Department of Economics and Business Economics

Benedicte Marie Winther Johannsen

Pre-eclampsia and first-onset postpartum psychiatric episodes: a Danish population-based cohort study

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Pre-eclampsia and first-onset postpartum psychiatric episodes : a Danish population-based cohort study. / Bergink, V; Laursen, T M; Johannsen, B M W; Kushner, S A; Meltzer-Brody, S; Munk-Olsen, T.

In: Psychological Medicine, Vol. 45, No. 16, 12.2015, p. 3481-3489.

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Bergink, V ; Laursen, T M ; Johannsen, B M W ; Kushner, S A ; Meltzer-Brody, S ; Munk-Olsen, T. / Pre-eclampsia and first-onset postpartum psychiatric episodes : a Danish population-based cohort study. In: Psychological Medicine. 2015 ; Vol. 45, No. 16. pp. 3481-3489.

Bibtex

@article{a2d5b72535ac42c98aa22ce35ac77552,
title = "Pre-eclampsia and first-onset postpartum psychiatric episodes: a Danish population-based cohort study",
abstract = "BACKGROUND: Recent evidence suggests that postpartum psychiatric episodes may share similar etiological mechanisms with immune-related disorders. Pre-eclampsia is one of the most prevalent immune-related disorders of pregnancy. Multiple clinical features are shared between pre-eclampsia and postpartum psychiatric disorders, most prominently a strong link to first pregnancies. Therefore, we aimed to study if pre-eclampsia is a risk factor for first-onset postpartum psychiatric episodes.METHOD: We conducted a cohort study using the Danish population registry, with a total of 400 717 primiparous women with a singleton delivery between 1995 and 2011. First-lifetime childbirth was the main exposure variable and the outcome of interest was first-onset postpartum psychiatric episodes. The main outcome measures were monthly incidence rate ratios (IRRs), with the period 11-12 months after birth as the reference category. Adjustments were made for age, calendar period, reproductive history, and perinatal maternal health including somatic and obstetric co-morbidity.RESULTS: Primiparous women were at particularly high risk of first-onset psychiatric episodes during the first month postpartum [IRR 2.93, 95{\%} confidence interval (CI) 2.53-3.40] and pre-eclampsia added to that risk (IRR 4.21, 95{\%} CI 2.89-6.13). Having both pre-eclampsia and a somatic co-morbidity resulted in the highest risk of psychiatric episodes during the 3-month period after childbirth (IRR 4.81, 95{\%} CI 2.72-8.50).CONCLUSIONS: We confirmed an association between pre-eclampsia and postpartum psychiatric episodes. The possible explanations for this association, which are not mutually exclusive, include the psychological impact of a serious medical condition such as pre-eclampsia and the neurobiological impact of pre-eclampsia-related vascular pathology and inflammation.",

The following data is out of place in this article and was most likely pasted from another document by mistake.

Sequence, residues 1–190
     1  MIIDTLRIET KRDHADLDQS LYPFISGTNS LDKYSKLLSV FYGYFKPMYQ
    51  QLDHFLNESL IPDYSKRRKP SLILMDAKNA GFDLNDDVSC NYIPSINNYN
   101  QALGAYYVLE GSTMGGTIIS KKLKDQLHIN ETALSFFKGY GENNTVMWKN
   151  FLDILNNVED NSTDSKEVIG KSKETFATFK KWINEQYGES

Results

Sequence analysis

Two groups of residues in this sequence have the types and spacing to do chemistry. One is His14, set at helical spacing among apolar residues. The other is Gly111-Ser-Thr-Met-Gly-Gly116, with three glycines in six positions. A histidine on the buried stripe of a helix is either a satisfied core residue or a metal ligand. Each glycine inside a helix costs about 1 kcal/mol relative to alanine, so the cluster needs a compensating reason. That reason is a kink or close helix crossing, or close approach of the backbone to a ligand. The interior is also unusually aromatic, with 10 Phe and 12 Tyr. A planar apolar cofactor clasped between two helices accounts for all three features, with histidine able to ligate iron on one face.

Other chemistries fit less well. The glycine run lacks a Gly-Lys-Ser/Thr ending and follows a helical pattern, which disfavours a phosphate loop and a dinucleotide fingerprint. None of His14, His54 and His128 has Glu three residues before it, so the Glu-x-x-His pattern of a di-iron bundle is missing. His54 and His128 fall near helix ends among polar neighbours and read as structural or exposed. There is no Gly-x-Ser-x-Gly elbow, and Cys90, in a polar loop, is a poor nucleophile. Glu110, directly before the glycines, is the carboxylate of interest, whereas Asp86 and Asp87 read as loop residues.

author = "V Bergink and Laursen, {T M} and Johannsen, {B M W} and Kushner, {S A} and S Meltzer-Brody and T Munk-Olsen",
year = "2015",
month = "12",
doi = "10.1017/S0033291715001385",
language = "English",
volume = "45",
pages = "3481--3489",
journal = "Psychological Medicine",
issn = "0033-2917",
publisher = "Cambridge University Press",
number = "16",

}

RIS

TY - JOUR

T1 - Pre-eclampsia and first-onset postpartum psychiatric episodes

T2 - a Danish population-based cohort study

AU - Bergink, V

AU - Laursen, T M

AU - Johannsen, B M W

AU - Kushner, S A

AU - Meltzer-Brody, S

AU - Munk-Olsen, T

PY - 2015/12

Y1 - 2015/12